Cmd-Fing Multiple Items

I started writing this post and realized that the nitty-gritty details weren't all that exciting.

So, instead of a play-by-play of how I built this tool, here is a simple overview of some decisions I made, what I did to make it work, and how it could be infinitely better than a short Saturday project.

Alternative title: How I canceled out my projected productivity gains

I use the "find" tool a lot... It's very useful.

I found myself (somewhat) frequently searching single items from a list and got frustrated that I couldn't just copy a whole list of things and then plug it into the Find tool's search bar. Like a multi-search function.

The general workflow I want is;

  • Highlight delimited list (comma, tab, space, or new-line separated)
  • Press copy hotkey
  • Press find hotkey
  • Press special paste hotkey

The main thing I wanted to avoid is overwriting my clipboard.

First thought was to build a plugin. This, however, felt like it would be reinventing the wheel. There exist built-in and existing third party find tools that work great. They already make use of fast string searching algorithms and DOM parsing.

Regex seemed like a convenient way to build complex search query in a single line of plain text. Also Firefox (and Chrome) both have regex find-in-page tools.

I wanted to avoid downloading third-party apps onto my computer. It shouldn't be that hard to make a global shortcut for this... right?

The Design

Copy text to clipboard then invoke Python script via a global shortcut to parse and convert a delimited list to a regex query like


The script is straightforward:

import csv
import sys

def convert_to_regex(search_terms: str, delimiter="\n", case_insensitive=True, raw=False) -> str:
	Take in a delimited list of search terms and convert to regex

	Raw gives complete regex, some regex search functions provide case insensitivity already
	if delimiter == "\n":
		terms = search_terms.strip().splitlines()
		terms = search_terms.strip().split(delimiter)

	terms = map(lambda s: s.strip(), terms)

	if raw:
		r = f"/(?:{'|'.join(terms)})/gm{'i' if case_insensitive else ''}"
		r = f"(?:{'|'.join(terms)})"

	return r

def get_delimiter(search_terms: str) -> str:
	sniffer = csv.Sniffer()
		dialect = sniffer.sniff(search_terms)
	except csv.Error as e:
		return "\n"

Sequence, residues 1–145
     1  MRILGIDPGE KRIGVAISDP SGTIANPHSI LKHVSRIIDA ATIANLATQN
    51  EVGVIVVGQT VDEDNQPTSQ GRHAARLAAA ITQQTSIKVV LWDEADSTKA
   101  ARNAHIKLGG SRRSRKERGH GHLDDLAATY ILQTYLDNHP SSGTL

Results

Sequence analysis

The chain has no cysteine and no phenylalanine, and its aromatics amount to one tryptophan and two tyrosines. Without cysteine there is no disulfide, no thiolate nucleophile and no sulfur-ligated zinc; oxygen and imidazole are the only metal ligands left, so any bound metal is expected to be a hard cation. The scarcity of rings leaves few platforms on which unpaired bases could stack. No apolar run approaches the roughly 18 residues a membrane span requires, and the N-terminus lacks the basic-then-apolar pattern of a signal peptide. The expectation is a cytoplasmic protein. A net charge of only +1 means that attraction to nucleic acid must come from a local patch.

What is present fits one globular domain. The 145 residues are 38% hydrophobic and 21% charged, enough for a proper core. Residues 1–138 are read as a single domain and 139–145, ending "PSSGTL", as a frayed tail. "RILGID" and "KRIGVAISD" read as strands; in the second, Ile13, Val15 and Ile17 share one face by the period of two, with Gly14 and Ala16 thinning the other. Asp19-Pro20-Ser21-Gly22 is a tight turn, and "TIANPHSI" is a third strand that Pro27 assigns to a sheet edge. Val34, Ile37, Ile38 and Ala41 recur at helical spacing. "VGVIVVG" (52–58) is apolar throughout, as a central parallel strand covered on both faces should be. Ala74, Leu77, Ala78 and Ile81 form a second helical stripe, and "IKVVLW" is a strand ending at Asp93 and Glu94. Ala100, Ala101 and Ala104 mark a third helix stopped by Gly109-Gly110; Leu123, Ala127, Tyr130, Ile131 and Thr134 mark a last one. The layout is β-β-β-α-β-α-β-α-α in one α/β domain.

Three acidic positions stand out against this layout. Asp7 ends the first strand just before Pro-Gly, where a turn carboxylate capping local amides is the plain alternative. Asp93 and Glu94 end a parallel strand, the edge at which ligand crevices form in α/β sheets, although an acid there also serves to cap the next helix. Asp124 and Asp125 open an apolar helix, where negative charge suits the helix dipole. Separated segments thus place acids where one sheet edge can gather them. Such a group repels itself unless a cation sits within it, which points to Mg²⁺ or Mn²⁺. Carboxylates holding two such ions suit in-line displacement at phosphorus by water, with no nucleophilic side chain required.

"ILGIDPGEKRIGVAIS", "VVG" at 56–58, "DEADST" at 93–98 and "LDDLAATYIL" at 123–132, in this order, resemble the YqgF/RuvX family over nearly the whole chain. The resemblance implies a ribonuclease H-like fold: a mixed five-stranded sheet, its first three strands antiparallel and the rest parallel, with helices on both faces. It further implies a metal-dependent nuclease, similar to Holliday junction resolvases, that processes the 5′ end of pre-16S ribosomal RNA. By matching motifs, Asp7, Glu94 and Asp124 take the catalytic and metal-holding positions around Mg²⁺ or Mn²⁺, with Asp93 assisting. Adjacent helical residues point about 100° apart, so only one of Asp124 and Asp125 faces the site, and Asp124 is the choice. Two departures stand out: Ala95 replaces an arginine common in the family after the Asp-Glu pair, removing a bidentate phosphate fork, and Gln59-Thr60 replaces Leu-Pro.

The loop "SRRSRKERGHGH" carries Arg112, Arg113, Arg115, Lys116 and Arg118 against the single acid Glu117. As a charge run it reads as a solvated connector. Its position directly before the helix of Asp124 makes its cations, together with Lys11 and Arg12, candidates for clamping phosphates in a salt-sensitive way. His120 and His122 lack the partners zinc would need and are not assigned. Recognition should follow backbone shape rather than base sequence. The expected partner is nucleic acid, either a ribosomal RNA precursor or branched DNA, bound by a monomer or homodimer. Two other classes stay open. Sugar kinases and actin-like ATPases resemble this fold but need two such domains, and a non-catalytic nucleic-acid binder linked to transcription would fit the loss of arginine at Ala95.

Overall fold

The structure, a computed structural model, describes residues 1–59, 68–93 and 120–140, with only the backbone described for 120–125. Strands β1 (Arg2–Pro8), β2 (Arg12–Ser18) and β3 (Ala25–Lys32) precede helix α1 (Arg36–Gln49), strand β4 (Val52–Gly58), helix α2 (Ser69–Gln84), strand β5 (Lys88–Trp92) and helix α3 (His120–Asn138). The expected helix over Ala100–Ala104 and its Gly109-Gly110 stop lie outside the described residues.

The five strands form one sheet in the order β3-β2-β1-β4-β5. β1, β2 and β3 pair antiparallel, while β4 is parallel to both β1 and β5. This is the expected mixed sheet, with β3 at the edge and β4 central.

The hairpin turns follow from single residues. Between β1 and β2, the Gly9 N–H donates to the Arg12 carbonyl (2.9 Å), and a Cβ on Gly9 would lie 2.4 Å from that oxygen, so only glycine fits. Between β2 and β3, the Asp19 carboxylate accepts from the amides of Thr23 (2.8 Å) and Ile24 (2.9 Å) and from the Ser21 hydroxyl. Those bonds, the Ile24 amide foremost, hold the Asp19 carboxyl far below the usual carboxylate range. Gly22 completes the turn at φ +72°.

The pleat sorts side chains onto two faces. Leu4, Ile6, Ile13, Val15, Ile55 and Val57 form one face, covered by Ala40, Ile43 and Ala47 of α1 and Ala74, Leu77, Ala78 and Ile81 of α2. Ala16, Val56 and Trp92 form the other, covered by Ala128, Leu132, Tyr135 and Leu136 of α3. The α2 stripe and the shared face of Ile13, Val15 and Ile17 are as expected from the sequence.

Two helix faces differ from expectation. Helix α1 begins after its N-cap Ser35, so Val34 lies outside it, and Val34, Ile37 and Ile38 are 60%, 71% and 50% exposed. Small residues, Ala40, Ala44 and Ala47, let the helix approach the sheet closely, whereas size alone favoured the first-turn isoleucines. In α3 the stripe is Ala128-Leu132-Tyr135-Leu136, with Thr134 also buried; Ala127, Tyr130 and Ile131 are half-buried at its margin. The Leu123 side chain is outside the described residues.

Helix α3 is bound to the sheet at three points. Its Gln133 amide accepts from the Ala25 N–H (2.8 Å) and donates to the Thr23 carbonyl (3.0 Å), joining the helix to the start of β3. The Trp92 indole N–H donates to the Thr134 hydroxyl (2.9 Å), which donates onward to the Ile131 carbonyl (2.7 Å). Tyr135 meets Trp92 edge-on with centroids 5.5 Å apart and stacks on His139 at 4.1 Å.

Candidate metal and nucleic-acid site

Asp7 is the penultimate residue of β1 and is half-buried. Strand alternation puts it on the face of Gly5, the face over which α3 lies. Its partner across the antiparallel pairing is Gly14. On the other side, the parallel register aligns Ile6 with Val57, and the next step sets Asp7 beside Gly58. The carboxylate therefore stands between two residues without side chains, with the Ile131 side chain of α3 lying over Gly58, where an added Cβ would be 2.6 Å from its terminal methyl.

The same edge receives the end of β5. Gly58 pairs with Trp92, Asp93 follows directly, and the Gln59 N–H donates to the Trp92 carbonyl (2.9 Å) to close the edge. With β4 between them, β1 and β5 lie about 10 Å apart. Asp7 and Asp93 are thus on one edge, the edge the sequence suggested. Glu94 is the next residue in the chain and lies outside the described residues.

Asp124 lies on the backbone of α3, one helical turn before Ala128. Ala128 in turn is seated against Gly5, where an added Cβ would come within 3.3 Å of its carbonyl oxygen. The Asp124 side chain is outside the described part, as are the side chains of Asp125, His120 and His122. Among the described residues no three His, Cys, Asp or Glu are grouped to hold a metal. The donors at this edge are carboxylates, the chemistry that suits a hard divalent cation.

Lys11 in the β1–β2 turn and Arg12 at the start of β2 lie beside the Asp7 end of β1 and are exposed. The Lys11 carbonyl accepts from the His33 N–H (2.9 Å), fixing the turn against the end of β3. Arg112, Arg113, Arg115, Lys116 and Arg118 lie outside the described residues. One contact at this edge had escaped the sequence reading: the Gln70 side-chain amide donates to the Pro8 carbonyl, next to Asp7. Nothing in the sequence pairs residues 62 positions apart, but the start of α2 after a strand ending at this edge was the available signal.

return dialect.delimiter

if __name__ == "__main__":
	search_terms = " ".join(sys.argv[1:])

	r = convert_to_regex(search_terms, delimiter=get_delimiter(search_terms))


Notes on the implementation:

  • Just printing the resulting regex adds a trailing \n, which messes with some inputs.
  • Certain regex interpreters ignore the arguments posted at the end of the phrase, and opt for a radio-button menu for things like case insensitivity. Most of the tools I use are like this, so default to using the shorthand version and rely on manual input.
  • Python is not the fastest scripting language for this. It shows on execution.

As far as invoking the script from a global shortcut, Mac has an excellent option for binding custom workflows with the Automator application. This is a seriously under-utilized tool, and it makes so many common tasks accessible and, to use a buzz-word, is truly no-code. Strange I don't see many people promoting it.

Here is my configuration for an Automator Quick Action:

Search Tool

After saving the action above, you can easily bind it to whatever (I chose ^⌥⌘V) via System Preferences > Keyboard > Shortcuts > Services.

This next part is, quite frankly, embarrassing and the reason I won't be using this hack going forward. The permissions required for Automator are ridiculous. In order to allow for the Automator script to execute within an application, I have to grant both Automator and the application access to System Events through the "Accessibility" and "Automation" menus. If I was just using this in an internal application, no big deal, but Firefox having such permissions makes me feel uneasy.

Does it work? Yes.

Is it slow? Yes.

Is it dangerously permissive? Yes.

Will I use it going forward? No.

Did I completely cancel out my potential productivity gains over a lifetime of Ctrl-Fing things from a list during my struggle to grant (way too many) permissions to Automator workflows, bind global shortcuts, and write hacky Python code? Oh yeah, you bet.

Do I regret it? Not one bit.


Here are some disorganized thoughts on how this tool could be implemented in a much cleaner fashion.

  • Just make a damn plugin. One-click install, built-in hot key binding, exclusive to web applications (where I use it most). If I went this route, I would need to transcribe the guess_delimiter function from Python's csv package. It is really interesting, I suggest you check it out.
  • Is there a quicker (custom) string search algorithm for multiple string searches? I bet a in memory cache of sorts would be helpful.
  • Python is too slow to execute reliably on a paste. I know I wanted to not overwrite my clipboard, but this could speed up the whole process.